I haven’t written about them, but Flat Line bullets have brought revolutionary monolithic projectiles for long-range shooting to the masses.
Mantis has promised a second generation of their IMU that mounts to gun rails and interfaces with smartphones, allowing us for the first time to conveniently quantify and analyze recoil effects on firearms.
Bullpups continue to storm the mainstream. If you don’t like any of the increasing number of native bullpup autoloaders (AUG, Tavor, RDB, RFB, PS90 etc.) you can find conversion stocks for many popular platforms like the M1A, Ruger 10/22, Saiga, et. al. The KSG pump-action shotgun can actually be found at retail. From Europe we have clever single- and double-shot bullpups that should eventually be available at reasonable prices in America.
I don’t know that it’s in development, but at least someone thought it was worth patenting a new sealed-gap revolver.
Inexplicably, however, I’m still waiting for more heavy subsonic .22LR ammunition!
A year ago I bought 8GB of DDR3 RAM for $45. I just bought another pair of DIMMs with identical specs and paid $77. Prices spiked to this level during 2013 Q1 and have not retreated, in what seems a blatant market violation of Moore’s Law. Some commentary on this situation notes that historically DRAM producers have whipsawed between cutthroat competition and nearly (if not explicitly) collusive pricing power.
- Supply in the firearms industry is finally starting to converge on demand. But reloaders are still grasping for powder, and .22LR is still absurdly scarce. We’re looking for both of those shortages to end by the middle of this year.
- Expanding subsonic rifle bullets: Looks like this is finally the year for these to hit the mainstream market. Outlaw State Bullets and Lehigh Bullets have had some expensive offerings. But this year Norma is supposed to begin importing their Plastic Points, and Remington should finally have an offering tailored for their 300BLK.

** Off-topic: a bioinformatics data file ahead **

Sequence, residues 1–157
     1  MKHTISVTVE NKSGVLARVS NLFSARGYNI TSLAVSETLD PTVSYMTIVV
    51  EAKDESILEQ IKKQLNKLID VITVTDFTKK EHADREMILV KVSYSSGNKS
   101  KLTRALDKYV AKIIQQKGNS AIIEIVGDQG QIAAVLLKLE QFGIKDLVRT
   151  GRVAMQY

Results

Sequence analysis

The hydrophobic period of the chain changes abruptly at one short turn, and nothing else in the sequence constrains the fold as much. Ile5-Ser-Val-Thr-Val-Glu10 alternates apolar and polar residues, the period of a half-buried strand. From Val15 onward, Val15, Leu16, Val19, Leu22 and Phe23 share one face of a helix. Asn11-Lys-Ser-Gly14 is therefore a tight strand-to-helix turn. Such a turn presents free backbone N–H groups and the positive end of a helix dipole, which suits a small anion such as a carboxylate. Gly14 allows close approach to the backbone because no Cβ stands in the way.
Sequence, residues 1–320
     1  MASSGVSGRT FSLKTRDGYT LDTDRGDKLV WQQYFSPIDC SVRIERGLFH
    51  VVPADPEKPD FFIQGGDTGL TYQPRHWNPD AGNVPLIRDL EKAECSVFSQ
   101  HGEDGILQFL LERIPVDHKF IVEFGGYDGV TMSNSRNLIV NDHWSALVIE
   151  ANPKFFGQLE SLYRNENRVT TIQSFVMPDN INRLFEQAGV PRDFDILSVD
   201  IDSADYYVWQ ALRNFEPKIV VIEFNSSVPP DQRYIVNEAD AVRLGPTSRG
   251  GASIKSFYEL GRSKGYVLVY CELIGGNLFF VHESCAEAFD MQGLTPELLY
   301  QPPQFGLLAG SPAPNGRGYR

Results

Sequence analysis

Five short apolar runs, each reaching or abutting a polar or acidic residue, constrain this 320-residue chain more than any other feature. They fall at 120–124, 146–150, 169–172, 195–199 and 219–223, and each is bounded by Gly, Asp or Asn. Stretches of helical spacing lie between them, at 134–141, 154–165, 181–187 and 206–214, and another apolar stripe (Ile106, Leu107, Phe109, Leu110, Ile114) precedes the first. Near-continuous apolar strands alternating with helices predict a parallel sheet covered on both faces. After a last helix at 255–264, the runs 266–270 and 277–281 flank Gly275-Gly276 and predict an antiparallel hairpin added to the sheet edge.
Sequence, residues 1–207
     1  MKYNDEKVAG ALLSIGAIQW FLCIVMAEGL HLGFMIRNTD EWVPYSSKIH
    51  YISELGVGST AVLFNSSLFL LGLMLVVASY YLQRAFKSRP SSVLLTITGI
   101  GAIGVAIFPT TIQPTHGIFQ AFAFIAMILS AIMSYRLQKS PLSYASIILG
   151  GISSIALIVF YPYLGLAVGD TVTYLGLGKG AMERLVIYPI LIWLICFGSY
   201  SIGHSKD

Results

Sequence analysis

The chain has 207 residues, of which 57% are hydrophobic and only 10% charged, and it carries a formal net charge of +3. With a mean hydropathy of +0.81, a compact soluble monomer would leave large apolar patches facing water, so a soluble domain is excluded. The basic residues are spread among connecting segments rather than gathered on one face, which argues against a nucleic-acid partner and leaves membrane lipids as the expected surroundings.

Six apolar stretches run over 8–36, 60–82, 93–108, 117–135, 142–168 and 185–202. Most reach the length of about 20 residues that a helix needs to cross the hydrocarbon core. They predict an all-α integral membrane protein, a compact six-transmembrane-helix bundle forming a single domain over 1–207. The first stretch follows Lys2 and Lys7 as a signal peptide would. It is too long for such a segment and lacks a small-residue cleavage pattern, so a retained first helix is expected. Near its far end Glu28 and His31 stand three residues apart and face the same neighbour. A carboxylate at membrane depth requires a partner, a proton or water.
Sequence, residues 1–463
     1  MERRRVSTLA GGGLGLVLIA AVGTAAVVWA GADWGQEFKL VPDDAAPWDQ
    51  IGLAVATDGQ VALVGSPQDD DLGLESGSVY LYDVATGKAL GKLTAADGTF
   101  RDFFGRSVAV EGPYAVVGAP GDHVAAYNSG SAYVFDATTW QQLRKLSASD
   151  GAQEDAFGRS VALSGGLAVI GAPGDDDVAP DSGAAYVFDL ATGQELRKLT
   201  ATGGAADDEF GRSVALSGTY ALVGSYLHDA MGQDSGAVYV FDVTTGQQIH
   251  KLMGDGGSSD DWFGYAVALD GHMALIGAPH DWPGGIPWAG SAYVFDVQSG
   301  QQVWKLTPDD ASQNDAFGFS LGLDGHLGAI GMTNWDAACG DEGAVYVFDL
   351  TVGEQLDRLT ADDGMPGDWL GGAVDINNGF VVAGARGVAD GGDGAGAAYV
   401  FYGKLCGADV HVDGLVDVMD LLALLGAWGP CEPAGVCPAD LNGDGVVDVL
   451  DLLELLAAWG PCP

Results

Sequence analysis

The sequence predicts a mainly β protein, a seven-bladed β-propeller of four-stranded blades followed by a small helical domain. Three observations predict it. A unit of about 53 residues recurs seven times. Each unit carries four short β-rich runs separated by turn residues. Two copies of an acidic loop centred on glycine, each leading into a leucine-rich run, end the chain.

- .38 Supercomp Sig and Glock conversions. The caliber offers the ballistics of .357 Sig in the diameter of 9mm, which translates to more magazine capacity. Also, as a straight-walled cartridge it’s easier to reload.
- Laser Doppler Anemometers: Solid-state devices for shooters, similar to laser rangefinders, that can measure downrange winds. Winds are the last primary ballistic factor that can’t be measured outside instrumented ranges. Even the most skilled long-range marksmen in the field have limited indicators from which to read and compensate for windage. Admittedly this technology is still some years off from commercialization.
- Chemical laser guns. Well maybe not this year, but the technology is there for it.
- New cars to display more of the performance data easily accessed from the existing ECU streams, including most critically whether the fuel in the tank is causing the engine to retard timing.
- Aftermarket OBD scanners to do the same for existing cars.
- High-performance minivans.
- High-speed consumer video cameras: GoPro may be inching back into this niche left by Casio four years ago. Their top offerings can now sustain 240fps at 480p, but I’m still looking for thousands of frames per second in a sub-$1000 camera, which is no stretch given the state of the art.
- Reasonably-priced HD IP security cameras: For some reason these persist at over $200 when the state of the art should have them closer to $100.